* Expedite our development of a system that will allow consumers to de-authorize machines and move authorizations to new machines.

    Does that mean they were PLANNING to stop offering the ability to request additional activations, but the feedback talked them out of it?

  4. Well, you should still support the developer and buy a copy if you are using the pirated version, im most cases the developer has little say in the DRM. Otherwise take the high road like Les and do not buy the game at all…

    I really hate people like moloch who act like a tick on the body of the game developers industry…

  5. Well, you should still support the developer and buy a copy if you are using the pirated version, im most cases the developer has little say in the DRM. Otherwise take the high road like Les and do not buy the game at all…

    That just supports the false notion that DRM works.  Pirates have some value because they prove that it doesn’t.  Buy the game if you want to encourage other games like it AND encourage DRM.  Don’t buy the game if you don’t.  Beyond that, using a pirated copy is between you and the law.  It’s got nothing to do with the developers..

    …oh except that it says “Hey, you made a decent game.  Because it had DRM though… I’m not giving you any money.  Also, the fact that I don’t HAVE to pay you to use it proves DRM doesn’t work, so pull your head out.”

    I don’t play pirated games, mostly because there just aren’t a lot of games out there that I like, but I got no problem with software piracy in this form.  It’s an easy fix.  It’s called making good games without stupid DRM schemes.  There are a lot of people out there who would buy their games if they just didn’t put in stupid code that makes the game difficult (and sometimes impossible) to actually play.  If they’re not willing to do what it takes to correct that problem, I can’t really feel sorry for them.  They obviously don’t think that market is important enough to deal with honorably.  As far as I’m concerned, they might as well be saying they WANT to have their games pirated.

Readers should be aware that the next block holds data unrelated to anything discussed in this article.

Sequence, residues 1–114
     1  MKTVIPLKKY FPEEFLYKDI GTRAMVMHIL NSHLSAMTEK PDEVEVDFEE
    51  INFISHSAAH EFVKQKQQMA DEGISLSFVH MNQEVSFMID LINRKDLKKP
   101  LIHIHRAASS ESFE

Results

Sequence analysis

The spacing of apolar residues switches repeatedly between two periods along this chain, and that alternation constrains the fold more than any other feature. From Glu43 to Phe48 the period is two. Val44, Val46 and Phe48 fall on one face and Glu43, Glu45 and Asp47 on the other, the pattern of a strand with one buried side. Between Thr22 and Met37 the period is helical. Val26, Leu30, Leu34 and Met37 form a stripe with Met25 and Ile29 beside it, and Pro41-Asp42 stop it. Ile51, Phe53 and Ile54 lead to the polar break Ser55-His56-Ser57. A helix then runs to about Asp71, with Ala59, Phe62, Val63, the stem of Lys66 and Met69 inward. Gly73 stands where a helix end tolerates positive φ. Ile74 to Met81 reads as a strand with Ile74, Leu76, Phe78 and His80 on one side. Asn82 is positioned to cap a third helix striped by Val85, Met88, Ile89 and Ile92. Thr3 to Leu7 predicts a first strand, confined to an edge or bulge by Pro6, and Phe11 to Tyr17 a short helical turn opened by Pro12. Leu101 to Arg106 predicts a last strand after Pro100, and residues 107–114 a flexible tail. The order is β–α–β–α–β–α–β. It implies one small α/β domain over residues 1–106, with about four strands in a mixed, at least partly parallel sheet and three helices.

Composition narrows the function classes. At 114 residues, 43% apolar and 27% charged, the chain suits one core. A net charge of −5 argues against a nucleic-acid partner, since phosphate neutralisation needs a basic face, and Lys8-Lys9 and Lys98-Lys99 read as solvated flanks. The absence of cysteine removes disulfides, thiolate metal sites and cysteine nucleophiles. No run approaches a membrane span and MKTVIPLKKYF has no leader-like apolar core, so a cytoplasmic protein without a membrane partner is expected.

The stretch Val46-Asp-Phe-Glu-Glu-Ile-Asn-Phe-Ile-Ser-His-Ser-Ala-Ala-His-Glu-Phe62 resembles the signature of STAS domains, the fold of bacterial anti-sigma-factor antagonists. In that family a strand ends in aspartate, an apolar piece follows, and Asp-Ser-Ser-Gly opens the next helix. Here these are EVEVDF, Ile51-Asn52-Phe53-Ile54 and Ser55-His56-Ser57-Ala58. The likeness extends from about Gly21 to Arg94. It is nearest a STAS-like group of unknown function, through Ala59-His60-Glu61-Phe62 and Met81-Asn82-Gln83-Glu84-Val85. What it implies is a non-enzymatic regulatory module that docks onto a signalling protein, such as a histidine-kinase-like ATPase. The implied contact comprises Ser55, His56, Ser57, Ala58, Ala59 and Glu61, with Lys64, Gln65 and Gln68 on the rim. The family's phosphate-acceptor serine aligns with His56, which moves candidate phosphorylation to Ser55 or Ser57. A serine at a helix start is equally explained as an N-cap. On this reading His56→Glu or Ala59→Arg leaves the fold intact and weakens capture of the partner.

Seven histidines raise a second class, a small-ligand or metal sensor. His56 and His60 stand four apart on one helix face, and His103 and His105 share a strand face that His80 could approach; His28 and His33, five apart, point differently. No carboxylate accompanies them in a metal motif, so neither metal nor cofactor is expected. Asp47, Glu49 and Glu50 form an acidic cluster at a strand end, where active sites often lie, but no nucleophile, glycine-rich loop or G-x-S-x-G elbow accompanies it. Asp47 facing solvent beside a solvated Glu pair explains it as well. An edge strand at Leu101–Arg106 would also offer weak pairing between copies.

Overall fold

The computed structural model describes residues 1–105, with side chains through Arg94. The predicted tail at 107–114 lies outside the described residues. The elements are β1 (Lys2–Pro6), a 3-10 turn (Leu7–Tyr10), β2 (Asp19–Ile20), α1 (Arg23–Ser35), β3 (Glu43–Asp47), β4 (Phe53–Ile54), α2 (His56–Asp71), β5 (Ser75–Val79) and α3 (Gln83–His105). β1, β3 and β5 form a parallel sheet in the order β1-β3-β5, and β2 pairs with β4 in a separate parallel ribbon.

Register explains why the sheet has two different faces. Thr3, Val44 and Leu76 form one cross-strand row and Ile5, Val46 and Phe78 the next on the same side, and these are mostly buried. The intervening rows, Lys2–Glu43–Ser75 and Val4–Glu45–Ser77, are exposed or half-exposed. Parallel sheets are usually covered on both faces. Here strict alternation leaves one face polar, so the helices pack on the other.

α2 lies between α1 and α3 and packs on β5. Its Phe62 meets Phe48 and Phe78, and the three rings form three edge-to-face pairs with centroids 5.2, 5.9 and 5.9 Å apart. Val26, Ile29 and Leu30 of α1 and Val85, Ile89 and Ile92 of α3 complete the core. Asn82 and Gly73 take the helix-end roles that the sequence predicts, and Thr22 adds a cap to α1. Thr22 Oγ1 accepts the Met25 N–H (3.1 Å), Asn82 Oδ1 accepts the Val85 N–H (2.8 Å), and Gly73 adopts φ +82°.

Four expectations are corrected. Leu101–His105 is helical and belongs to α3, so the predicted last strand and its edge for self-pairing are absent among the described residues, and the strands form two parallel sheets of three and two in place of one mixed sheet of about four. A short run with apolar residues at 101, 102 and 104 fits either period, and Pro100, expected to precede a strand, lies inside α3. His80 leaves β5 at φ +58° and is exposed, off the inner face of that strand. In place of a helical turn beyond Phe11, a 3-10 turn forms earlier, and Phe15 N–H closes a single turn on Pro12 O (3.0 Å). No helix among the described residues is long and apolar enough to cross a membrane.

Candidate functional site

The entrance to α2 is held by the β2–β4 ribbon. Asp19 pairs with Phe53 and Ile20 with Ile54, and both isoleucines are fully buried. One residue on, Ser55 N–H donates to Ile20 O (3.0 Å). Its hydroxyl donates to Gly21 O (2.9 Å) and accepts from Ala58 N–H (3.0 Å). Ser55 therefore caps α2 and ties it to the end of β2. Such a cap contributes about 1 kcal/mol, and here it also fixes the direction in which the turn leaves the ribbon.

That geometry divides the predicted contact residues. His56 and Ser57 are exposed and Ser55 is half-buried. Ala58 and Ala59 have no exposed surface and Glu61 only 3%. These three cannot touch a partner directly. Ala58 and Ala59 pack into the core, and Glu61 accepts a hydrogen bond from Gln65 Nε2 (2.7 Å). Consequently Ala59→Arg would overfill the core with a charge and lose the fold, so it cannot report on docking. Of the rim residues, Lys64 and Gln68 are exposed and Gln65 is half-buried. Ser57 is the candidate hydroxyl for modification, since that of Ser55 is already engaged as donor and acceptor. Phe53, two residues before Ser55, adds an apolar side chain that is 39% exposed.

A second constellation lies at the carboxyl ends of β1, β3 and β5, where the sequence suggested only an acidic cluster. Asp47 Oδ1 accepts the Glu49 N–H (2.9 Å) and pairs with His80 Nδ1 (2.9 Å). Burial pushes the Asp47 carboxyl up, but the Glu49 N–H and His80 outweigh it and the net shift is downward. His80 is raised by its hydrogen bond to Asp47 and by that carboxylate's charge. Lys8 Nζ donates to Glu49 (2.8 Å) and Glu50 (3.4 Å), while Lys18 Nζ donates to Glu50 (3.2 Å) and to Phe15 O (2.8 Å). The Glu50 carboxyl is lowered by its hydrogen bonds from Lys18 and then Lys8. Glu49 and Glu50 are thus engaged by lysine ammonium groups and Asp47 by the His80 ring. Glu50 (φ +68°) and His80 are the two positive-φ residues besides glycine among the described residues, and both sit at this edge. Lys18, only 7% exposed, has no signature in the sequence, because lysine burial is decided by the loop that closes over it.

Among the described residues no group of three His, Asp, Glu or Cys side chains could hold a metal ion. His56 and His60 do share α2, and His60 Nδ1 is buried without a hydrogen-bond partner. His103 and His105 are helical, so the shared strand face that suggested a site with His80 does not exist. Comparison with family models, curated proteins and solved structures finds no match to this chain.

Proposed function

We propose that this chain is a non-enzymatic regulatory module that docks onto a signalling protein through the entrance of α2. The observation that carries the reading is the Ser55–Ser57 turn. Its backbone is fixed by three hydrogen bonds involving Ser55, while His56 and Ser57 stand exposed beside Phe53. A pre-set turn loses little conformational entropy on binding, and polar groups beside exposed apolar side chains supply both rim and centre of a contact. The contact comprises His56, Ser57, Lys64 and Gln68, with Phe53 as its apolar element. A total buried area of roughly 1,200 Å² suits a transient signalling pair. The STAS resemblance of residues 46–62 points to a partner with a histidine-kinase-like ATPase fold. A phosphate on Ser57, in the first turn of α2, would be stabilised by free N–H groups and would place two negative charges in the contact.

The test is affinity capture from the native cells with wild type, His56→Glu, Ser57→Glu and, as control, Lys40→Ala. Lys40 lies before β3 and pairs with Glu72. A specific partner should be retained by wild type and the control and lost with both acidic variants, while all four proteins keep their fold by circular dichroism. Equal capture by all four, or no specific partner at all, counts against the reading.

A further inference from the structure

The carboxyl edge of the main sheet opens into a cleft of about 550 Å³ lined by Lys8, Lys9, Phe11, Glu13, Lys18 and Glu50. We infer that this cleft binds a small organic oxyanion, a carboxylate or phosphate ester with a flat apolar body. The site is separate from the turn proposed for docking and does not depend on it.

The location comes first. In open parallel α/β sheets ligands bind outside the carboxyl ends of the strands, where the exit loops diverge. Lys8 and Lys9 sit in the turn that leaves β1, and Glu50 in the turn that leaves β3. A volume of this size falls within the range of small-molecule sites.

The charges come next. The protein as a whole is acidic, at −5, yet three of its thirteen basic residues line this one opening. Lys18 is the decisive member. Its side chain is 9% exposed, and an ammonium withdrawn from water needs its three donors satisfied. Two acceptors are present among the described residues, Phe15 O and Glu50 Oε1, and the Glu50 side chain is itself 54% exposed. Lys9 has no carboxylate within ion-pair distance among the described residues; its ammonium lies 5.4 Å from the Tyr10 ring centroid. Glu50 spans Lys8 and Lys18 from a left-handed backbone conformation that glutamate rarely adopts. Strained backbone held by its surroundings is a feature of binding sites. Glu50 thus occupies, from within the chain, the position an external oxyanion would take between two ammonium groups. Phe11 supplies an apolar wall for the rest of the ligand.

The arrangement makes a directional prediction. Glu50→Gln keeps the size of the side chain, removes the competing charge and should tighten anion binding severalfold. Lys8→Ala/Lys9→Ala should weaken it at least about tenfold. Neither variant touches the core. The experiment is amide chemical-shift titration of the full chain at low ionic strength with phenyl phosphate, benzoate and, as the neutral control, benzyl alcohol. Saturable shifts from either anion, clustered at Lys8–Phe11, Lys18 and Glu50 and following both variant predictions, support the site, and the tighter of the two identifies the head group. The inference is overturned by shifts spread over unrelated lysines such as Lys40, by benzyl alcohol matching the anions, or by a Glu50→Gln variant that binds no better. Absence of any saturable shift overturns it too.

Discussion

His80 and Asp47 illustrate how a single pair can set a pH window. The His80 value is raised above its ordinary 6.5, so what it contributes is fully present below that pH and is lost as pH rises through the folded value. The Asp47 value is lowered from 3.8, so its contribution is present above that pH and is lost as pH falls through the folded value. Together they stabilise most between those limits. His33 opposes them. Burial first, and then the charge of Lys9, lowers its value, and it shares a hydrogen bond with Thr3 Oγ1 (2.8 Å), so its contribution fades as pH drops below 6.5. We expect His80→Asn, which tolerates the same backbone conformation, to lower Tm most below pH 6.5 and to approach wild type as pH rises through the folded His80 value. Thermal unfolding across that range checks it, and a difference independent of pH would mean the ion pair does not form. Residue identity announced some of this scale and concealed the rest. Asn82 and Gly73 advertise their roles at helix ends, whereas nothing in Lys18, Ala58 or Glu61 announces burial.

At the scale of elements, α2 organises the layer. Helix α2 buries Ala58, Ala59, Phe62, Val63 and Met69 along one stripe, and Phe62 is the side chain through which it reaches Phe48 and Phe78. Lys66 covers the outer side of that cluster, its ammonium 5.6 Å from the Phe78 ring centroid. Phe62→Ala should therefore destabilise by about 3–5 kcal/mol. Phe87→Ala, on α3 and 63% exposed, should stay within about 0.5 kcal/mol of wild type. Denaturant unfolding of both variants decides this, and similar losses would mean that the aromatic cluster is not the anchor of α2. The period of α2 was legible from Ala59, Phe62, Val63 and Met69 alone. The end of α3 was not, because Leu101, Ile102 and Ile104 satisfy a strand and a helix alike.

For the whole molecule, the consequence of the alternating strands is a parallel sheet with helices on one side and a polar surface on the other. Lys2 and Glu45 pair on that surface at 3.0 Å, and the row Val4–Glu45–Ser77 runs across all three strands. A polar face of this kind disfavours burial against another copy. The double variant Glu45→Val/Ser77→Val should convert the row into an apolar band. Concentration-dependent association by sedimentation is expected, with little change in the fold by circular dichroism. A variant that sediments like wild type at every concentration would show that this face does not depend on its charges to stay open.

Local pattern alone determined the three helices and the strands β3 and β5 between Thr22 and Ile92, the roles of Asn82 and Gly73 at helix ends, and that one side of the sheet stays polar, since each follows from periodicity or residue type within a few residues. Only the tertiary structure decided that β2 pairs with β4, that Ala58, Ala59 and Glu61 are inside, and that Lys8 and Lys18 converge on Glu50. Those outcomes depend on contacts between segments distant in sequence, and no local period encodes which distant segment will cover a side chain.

That being said, if you’re one of those people who just doesn’t want to pay for a game, THEN I have a problem with you, because that IS hurting the development of good games.

  6. I was really looking forward to buying the game, I even bought the Creature Creator. The DRM is what completely turned me off to that idea.

    The fact they consider making a DRM-killing patch when they pull support in several years means that there IS a vulnerability somebody can exploit. I think it won’t be too long before we see a pirate patch that doesn’t require downloading an already cracked version of the whole game.

  7. I will not buy this game until the DRM is gone or what not the 3 excuse me 5 computer thing is not the biggest of my problems i just dont want a company puting spyware on my computer its BS

  8. According to a German news report, a class action suit against EA’s use of SecuROM in California was filed.

    I doubt it will really go anywhere, but at least EA can’t have any confusion about how much people don’t like it.